Park practices her putts after putting her son to bed to get back to winning ways

Park Joo-young (33, Dongbu E&C) will attempt to win her first career title at the Korea Ladies Professional Golf Association (KLPGA) Tour’s Daebo Howdy Open (total prize fund of 1 billion won, winner’s purse of 180 million won).

Park shaved four strokes off her score in the second round of the tournament at the par-72 Seowon Valley Country Club in Paju, South Korea, on Tuesday to sit atop the leaderboard with a five-under par 139 total.

Park, who started the day in a tie for eighth place, made two bogeys and six birdies on the day.

Park is playing her final round in the Champions Group after winning the Celltrion Queens Masters in June. Park, who joined the LPGA in 2008 and has yet to win a regular tour event, finished tied for fifth at the Celltrion Queens Masters. She also finished runner-up at the BC Card-Hankyung Ladies Cup 2023 the same month.

If Park wins, it will be her first career victory in her 279th regular tour event, setting a new record for most career victories. The current record for most wins in a career is held by Seo Yeon-jeong, who won her 259th event on March 3 at the KG Ladies Open.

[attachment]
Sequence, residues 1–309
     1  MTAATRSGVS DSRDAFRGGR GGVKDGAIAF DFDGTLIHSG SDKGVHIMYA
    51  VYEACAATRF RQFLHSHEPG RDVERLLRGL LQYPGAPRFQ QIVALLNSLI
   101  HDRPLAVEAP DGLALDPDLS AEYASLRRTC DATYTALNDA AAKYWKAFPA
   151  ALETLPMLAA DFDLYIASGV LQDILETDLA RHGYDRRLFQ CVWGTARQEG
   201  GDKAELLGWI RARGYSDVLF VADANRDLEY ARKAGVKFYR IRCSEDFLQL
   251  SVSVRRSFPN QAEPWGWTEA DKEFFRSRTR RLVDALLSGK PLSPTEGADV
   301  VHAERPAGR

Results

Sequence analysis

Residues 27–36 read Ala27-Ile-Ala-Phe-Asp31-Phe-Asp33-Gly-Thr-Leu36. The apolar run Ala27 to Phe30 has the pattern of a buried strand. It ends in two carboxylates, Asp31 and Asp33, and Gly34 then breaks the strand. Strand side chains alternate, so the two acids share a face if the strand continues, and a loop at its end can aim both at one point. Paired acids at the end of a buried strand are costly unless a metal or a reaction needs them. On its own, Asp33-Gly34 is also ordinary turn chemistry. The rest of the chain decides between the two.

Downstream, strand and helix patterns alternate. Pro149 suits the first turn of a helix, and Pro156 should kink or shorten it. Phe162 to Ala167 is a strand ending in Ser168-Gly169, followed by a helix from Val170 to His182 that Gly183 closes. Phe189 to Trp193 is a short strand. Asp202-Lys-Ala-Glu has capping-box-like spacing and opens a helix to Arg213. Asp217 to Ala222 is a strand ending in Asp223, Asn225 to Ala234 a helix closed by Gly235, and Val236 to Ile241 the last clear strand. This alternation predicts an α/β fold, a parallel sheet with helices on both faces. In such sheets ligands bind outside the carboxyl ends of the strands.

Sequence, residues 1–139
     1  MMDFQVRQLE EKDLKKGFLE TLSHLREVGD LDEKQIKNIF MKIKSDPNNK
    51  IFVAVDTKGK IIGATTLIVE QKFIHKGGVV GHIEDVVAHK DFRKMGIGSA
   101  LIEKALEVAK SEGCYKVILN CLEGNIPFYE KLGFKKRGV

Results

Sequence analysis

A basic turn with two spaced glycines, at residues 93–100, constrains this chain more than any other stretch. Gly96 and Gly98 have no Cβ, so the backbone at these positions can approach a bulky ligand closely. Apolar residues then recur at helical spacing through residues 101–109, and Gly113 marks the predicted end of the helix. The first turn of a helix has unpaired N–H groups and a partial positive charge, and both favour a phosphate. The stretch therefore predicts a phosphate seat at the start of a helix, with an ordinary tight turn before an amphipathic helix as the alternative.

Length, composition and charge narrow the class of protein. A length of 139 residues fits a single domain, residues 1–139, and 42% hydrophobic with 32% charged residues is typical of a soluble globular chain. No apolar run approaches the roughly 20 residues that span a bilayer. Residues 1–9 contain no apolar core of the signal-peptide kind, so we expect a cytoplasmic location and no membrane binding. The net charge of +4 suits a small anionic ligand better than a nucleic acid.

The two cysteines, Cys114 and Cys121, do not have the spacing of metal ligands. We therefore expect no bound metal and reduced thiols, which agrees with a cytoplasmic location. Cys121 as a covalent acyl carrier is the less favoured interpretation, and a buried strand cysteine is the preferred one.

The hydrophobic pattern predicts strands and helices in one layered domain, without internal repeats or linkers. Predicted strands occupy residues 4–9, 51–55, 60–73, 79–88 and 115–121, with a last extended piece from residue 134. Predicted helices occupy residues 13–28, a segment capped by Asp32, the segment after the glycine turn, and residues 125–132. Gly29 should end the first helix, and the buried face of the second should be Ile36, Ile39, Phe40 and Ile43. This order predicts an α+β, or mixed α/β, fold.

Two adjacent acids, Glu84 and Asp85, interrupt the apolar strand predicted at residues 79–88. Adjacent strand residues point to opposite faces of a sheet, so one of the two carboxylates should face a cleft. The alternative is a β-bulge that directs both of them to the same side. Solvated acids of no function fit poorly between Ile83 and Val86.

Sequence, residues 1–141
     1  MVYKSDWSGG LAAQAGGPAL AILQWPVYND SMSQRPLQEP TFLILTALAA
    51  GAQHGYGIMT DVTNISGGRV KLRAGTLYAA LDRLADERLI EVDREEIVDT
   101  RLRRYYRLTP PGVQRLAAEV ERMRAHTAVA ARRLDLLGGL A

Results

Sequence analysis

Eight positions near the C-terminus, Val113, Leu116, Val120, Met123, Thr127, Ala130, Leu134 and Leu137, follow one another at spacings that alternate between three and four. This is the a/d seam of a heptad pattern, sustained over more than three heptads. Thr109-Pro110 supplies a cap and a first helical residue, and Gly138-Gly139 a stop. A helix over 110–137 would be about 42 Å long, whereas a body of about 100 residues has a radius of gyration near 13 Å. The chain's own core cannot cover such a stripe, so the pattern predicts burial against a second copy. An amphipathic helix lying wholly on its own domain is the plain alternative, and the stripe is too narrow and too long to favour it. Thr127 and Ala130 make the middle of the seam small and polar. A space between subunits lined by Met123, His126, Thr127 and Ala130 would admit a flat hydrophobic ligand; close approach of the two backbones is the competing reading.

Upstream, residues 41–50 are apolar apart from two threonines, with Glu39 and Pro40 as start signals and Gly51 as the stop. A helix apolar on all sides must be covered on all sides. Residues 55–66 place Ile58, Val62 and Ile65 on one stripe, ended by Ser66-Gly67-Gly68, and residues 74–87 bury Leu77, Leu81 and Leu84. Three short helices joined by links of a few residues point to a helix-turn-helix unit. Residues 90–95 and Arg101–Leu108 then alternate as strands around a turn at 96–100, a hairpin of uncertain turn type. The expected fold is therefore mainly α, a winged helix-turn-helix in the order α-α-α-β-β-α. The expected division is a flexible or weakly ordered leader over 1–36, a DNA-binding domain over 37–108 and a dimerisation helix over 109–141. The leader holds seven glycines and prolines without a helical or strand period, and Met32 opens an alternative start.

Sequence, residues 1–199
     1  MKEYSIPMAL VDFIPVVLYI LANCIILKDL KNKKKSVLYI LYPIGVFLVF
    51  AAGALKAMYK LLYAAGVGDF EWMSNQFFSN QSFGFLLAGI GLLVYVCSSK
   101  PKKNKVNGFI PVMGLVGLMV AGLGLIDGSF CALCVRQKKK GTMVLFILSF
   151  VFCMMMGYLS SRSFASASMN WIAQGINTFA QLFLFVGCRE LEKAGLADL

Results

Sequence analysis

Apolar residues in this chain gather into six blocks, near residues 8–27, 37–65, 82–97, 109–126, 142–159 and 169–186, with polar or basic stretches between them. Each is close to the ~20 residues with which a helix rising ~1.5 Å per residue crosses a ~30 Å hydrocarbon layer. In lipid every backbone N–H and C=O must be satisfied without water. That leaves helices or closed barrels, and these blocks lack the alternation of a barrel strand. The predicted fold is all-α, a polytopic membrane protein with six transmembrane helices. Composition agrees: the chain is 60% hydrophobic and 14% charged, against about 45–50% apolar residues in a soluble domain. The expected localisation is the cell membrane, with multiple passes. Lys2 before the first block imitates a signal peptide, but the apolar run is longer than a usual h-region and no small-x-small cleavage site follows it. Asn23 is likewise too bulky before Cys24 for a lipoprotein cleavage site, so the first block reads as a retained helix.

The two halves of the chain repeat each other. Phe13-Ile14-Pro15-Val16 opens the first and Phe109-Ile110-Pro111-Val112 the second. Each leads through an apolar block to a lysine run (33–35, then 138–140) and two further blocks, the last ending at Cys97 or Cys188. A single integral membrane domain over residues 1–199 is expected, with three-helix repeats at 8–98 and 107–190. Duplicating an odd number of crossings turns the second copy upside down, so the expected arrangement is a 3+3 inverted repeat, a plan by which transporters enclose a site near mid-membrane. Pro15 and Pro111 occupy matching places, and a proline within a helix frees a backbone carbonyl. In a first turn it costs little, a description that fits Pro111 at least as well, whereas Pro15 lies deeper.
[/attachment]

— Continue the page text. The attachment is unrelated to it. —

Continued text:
Speaking to the KLPGA Tour after the match, Park said that she was able to keep the fairways in play, which led to her good performance. “The course was difficult, but staying in the fairways was the main thing,” she said, explaining, “I was able to make important par-saving putts and get the flow going.”

Park said she will not be concerned about the championship group matches. “I think I need to enjoy playing in the Champions Group a little bit more and not be so attached to the outcome,” she said. “I don’t have any pressure because a bad shot or putt went well, so I’m going to play with the mindset that if I win, it’s enough, if I don’t, it’s enough.”스포츠토토

Park revealed that she is juggling childcare and practice. “It was really hard to combine childcare and practice,” she said, explaining, “Every day, after putting my son to bed, I would practice my putts at home for two to three hours, and at 9 p.m., I would go to the driving range to practice my shots.”

Park asks us to keep an eye out for lesser-known players like him. “There are more than 100 players in the tournament,” he says, “and there’s no one who doesn’t work hard. “I think it’s good for the unknown players who are working hard to be recognized,” he said, “but only half of them are well known. I want everyone to realize that every player is working hard to win, and I hope they will support them.”

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